Now let’s turn to religion. According to Pew, throughout the 1980s, about 90 percent of Americans were Christian. The 1990s saw a fairly steep decline down to around 80 percent. This century, the erosion has been less sharp, but it’s been steady—the number who said they were Christian dropped to 63 percent in 2021. The number who said they were religious but named another religion has increased slightly from 1972, from 5 to 7 percent. And the number saying they were religiously unaffiliated has zoomed from 5 percent to 29 percent. Young people are abandoning religious belief at high rates. ...

I like this country better.  From where I sit, there are somewhat less people who want to erase my existence. And a lot more people who are exploring what it all means. We can confidently assert that Trump is out of touch with who most of us are.

Tomasky translates, very concretely, what all this happy change means to our politics. We can feel it; this essay gives words and structure to intuitions. Highly recommended.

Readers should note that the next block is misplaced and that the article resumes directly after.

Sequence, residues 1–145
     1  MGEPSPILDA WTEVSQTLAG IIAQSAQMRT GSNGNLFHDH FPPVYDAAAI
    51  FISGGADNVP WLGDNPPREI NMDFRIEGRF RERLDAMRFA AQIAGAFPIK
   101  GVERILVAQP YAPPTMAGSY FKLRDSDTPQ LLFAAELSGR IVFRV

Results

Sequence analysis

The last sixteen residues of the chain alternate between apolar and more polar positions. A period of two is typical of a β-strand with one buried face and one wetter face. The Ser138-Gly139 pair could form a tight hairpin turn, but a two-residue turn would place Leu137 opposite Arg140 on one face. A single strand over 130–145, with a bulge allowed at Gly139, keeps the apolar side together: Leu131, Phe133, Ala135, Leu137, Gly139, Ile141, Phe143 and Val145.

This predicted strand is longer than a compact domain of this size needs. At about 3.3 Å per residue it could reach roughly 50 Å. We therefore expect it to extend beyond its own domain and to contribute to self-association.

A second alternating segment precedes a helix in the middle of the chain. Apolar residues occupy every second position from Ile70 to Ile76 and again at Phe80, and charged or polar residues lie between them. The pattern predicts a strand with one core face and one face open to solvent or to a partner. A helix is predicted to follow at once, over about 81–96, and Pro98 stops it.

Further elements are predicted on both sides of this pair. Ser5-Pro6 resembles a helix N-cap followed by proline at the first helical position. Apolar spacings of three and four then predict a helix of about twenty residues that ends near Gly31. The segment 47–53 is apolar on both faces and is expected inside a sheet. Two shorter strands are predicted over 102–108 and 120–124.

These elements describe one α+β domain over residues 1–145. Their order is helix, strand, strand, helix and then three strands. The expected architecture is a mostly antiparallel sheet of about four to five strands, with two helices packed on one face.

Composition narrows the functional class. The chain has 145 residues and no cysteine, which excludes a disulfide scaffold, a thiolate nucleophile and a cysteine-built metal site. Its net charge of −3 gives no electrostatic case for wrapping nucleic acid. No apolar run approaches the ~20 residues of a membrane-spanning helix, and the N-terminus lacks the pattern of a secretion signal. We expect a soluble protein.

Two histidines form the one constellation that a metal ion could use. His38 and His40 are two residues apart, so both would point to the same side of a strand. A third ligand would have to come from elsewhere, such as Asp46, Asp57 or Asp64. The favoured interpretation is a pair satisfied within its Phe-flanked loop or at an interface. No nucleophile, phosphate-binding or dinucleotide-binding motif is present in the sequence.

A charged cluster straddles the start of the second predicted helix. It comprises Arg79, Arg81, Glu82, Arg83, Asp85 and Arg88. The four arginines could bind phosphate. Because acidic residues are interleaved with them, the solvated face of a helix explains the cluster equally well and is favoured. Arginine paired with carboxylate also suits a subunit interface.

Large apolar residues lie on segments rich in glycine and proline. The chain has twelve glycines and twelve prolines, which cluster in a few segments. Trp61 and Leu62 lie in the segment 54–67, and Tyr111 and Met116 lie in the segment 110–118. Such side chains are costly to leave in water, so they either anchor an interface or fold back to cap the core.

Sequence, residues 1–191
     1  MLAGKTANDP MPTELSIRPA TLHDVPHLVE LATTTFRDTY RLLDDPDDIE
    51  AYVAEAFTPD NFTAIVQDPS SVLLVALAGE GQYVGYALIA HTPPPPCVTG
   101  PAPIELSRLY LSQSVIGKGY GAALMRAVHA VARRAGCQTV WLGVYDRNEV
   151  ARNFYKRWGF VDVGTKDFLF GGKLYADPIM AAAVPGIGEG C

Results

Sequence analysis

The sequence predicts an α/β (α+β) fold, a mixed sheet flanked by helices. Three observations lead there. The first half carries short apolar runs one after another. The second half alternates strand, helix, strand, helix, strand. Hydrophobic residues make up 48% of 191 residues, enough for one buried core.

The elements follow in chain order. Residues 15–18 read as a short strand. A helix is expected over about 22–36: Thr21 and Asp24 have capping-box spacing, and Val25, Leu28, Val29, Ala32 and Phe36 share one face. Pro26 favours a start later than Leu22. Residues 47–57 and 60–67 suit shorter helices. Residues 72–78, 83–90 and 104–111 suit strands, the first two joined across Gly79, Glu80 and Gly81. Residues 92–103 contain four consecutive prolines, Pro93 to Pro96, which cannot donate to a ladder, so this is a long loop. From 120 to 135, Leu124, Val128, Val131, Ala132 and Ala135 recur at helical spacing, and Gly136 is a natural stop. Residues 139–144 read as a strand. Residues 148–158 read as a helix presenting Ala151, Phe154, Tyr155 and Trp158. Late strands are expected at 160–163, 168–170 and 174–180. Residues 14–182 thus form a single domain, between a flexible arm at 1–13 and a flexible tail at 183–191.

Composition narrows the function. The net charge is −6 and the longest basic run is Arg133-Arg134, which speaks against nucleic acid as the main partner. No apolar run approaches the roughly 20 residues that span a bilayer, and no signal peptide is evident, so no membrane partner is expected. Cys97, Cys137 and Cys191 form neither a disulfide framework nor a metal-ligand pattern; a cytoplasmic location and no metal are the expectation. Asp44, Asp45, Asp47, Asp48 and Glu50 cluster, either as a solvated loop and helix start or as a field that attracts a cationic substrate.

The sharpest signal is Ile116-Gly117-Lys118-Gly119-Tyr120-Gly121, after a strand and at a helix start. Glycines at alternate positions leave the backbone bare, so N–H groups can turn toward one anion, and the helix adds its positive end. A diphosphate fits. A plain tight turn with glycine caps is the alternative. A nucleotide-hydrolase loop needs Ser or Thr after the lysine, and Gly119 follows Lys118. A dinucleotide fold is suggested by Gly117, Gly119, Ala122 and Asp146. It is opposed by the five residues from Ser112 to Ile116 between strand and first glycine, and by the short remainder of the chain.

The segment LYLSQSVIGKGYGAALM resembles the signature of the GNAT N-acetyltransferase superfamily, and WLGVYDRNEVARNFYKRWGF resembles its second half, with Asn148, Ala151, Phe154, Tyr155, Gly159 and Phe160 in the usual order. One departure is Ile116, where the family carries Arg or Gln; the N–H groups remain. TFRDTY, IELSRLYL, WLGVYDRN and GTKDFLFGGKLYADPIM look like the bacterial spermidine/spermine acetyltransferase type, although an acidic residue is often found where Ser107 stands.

Wednesday, May 17, 2023

Subverting the machinery of death -- then and now

On May 17, 1968, nine Catholic activists appropriated 378 files about young, male, potential draftees from the Catonsville, Maryland draft board. They burned them in the parking lot and stood by until arrested. From jail, the group sent an apologetic letter and a basket of flowers to the clerk on duty at the office during the event. Found guilty of destruction of U.S. property, Mary Moylan, Philip Berrigan, Daniel Berrigan and George Mische failed to report for the beginning of their sentences. The men were eventually captured and served time; Moylan escaped the Feds until 1979 and then served one year. (Perhaps they had a hard time finding the girl?)

The Catonsville actions touched off many additional religiously rooted demonstrations of resistance to war among white dissidents, many involving property destruction and non-cooperation with authorities. At first these responded to the Vietnam War, later to nuclear weapons development and nuclear stockpiles. White, activist, Catholic religious witness for peace acquired a new foothold in the American religious miscellany.